Over the years and as a result of the anatomical and clinical research studies, Dr. Guyuron has identified four very common and some uncommon trigger sites. He has developed surgical techniques to deactivate each of these trigger sites and alleviate the migraine headaches. His surgical techniques have been designed to cause the least amount of physiological change locally. In fact, in three sites, the surgery has some side benefits. For example, surgery for migraine headaches in the forehead area involves removal of the frowning muscles (See Video #1 below) which irritate two nerve branches on each side and cause forehead migraine headaches. In addition to stopping the migraine headaches, this surgery results in improvement in the forehead appearance by elimination of the frown lines. In the temple area, the tissues are pulled sideways which results in a gentle lift of the eyebrows and causes rejuvenation of the temples.


Migraine Surgery Video #1: Forehead Area. Video and illustrations provided by Dr. Guyuron.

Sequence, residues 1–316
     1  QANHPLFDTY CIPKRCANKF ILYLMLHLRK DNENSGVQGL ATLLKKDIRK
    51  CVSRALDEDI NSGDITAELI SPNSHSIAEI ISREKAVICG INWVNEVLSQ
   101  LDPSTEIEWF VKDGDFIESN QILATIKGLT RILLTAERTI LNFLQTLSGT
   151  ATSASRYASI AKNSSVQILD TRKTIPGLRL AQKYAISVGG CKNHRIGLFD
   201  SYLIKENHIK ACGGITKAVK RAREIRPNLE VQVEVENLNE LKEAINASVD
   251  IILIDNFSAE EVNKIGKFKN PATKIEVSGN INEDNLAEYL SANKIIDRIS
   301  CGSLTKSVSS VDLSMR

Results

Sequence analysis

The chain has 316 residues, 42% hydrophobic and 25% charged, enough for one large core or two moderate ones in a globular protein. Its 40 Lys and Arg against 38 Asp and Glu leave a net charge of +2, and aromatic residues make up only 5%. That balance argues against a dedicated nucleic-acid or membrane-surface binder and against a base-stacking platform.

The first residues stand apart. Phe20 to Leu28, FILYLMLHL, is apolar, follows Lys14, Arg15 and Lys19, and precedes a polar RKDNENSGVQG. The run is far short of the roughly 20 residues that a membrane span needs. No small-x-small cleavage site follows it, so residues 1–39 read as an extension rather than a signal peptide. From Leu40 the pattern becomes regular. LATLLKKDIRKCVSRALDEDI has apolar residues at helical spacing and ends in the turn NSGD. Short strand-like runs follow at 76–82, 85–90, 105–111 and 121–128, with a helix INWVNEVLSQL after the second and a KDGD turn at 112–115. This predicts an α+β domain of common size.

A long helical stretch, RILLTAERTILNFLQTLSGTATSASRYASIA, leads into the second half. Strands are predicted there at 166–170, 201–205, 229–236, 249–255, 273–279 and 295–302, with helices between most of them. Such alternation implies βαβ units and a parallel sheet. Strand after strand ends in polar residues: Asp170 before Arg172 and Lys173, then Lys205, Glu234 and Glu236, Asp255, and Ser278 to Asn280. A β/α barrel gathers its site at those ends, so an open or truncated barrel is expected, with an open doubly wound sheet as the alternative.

The surgery in the temple trigger site involves removal of a tiny branch of the trigeminal nerve that provides feeling to this site (See Video #2 below). Detachment of this nerve has been done routinely for other procedures, including surgery around the eye socket or even for cosmetic forehead procedures. Removal of this nerve may often cause temporary or rarely permanent numbness of the temple. Patients do not find the reduced sensation or loss of feeling in this area disturbing since this is not a highly sensitive area. In fact, removal of this nerve, which exits from the site in the temple that most patients commonly rub while having tension or migraine headaches, takes away or reduces migraine and other headaches arising from this area.


Migraine Surgery Video #2: Temple Area. Video and illustrations provided by Dr. Guyuron.


Another trigger site is the septum, the partition inside the nose that divides the interior nose into two spaces. The septum can have a varying degree of deviation. Enlargement of the projections inside the nose, called the turbinates, can be a source of migraine headaches. When there is contact between the turbinates and the deviated portion of the septum or the sharp points within the septum that are called spurs, migraine headaches can trigger (See Video #3 below). After the surgery on the septum and turbinates, which includes straightening the septum and reduction of the size of the turbinates, not only do the patients observe improvement or elimination of the migraine headaches, but they also experience improved breathing (the third example of a side benefit).


Migraine Surgery Video #3: Sinus Areas. Video and illustrations provided by Dr. Guyuron.